NEW YORK — It’s not often you see a player smile from ear to ear after being checked head over heels into the opposing bench.
Torrey Mitchell was in full stride, trying to make sure he gained the red line before dumping the puck into the New York Rangers zone. His Montreal Canadiens were clinging to a 3-1 lead with 1:20 remaining in the third period of Sunday’s Game 3, and he was going to do everything it took to make the right play — even if it meant taking the full brunt of Kevin Klein’s 206 pound-frame slamming into him.
Call it just one sacrifice made in a game that featured many by the Canadiens, who took a 2-1 lead in their first-round Stanley Cup Playoff series with the Rangers and wrestled back home-ice advantage with their win at Madison Square Garden.
“I thought our guys were really focused from start to finish,” said Canadiens coach Claude Julien.
It was plain to see.
Whether it was the way the Canadiens pressed in the offensive zone and notched 29 shots; or the way they blocked up the neutral zone and only allowed 21 pucks to get to their net; or the opportunism they showed in scoring on two of three power plays; or the determination they had on three penalty kills — not surrendering a shot, let alone a goal to remain perfect in the category for the series — they had it going on.
Julien was asked what he felt was the most satisfying aspect of his team’s win.
“You’re asking me a question that I don’t think I can answer because I thought we did a lot of things well,” he said. “To win 3-1 is one thing, but I thought we did great defensively keeping [the Rangers] down to 12 shots [through two periods]. We did give some opportunities there late in the game, but we also did a great job of managing the game as we went along there.
“We’re the road team, and I thought we had to play smart, and we did that throughout the whole game. So I just thought overall it was a solid game, so I don’t think I can pinpoint one area that was more dominant than the other. It was a solid 60 minutes.”
A confidence-builder, really.
The Canadiens had opened these playoffs with a 2-0 loss on home ice last Wednesday. They faced a lot of questions about their ability to score after averaging less than 2.5 goals per game over the final two months of their regular season, and they answered them in Game 2 with four goals and a 58-shot performance that gave them the wind in their sails to deliver their best in Game 3.
“We just played so much smarter,” said sparkplug forward Brendan Gallagher, who assisted on Artturi Lehkonen’s goal, which gave the Canadiens a 1-0 lead with only 2:23 remaining in the second period.
It was the 21-year-old’s rookie’s first-ever playoff goal, rifled into the top corner of Henrik Lundqvist’s net and celebrated with ferocity.
When Mats Zuccarello cross-checked Andrei Markov in the face at the 4:05 mark of the third period, drawing a double-minor for high-sticking, you could sense the game was going to come down to whether or not the Canadiens could add insurance.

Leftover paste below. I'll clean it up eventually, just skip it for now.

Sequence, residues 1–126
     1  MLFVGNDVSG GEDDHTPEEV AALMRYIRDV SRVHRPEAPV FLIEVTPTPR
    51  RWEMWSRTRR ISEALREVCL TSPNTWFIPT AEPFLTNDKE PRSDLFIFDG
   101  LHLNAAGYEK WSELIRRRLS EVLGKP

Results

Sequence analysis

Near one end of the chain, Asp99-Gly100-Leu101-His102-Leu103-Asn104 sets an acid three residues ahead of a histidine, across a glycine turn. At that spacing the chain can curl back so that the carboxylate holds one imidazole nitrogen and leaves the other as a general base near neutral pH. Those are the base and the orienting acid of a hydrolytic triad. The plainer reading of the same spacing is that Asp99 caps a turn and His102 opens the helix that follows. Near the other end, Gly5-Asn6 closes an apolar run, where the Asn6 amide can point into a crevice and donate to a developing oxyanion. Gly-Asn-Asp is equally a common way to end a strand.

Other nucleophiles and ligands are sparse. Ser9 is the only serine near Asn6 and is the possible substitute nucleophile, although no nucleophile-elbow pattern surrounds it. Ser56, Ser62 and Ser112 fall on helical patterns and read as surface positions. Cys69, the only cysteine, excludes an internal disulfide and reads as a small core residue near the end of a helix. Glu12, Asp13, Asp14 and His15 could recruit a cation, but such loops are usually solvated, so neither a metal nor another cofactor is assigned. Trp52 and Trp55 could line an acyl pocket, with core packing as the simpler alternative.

They did when Alexander Radulov picked up his fourth point of the series by making a gorgeous pass to Alex Galchenyuk, who shifted his way to the middle of the slot and fed Shea Weber a gimme for his first playoff goal as a Canadien.
When Radulov iced the game just under eight minutes later, with a backhand-forehand-one-handed-backhand finish that silenced the crowd, you could see the air coming out of the Rangers’ balloon.
It was their sixth straight playoff loss in front of their fans dating back to 2015, and it certainly left a bitter taste in their mouths.
“Anytime you’re not having success, or getting chances, getting opportunities, there’s definitely some frustration,” said Rangers forward Rick Nash.
The Canadiens found their best game in this one and made it a trying experience for their counterparts.
“They’re playing very well defensively,” said Rangers coach Alain Vigneault. “You have to give them a lot of credit.”
Considering Rangers J.T. Miller, Chris Kreider, Kevin Hayes and Derek Stepan each scored more than 45 points this season and have combined for one in this series, it speaks to the job the Canadiens are doing.
Everyone in bleu, blanc et rouge is in on the act, too; from a guy who’s known for his defensive chops in Weber, who played 52 seconds shy of half the game, to an offensive guy like Radulov, who made a tremendous defensive play on Ryan McDonagh in the dying seconds of the second period and was diving to get pucks out of the Canadiens zone while the Rangers had an extra attacker on over the final four minutes of the game.
“To win in the playoffs, you can’t afford to have any weak links at any time,” said Julien.
To keep winning in the playoffs, you need to leave both the good and bad performances behind you.
“Claude just gave us a speech: ‘You can enjoy it, but you can’t be satisfied,’ said Gallagher.
When he said it he was smiling as wide as Mitchell did after taking that hit.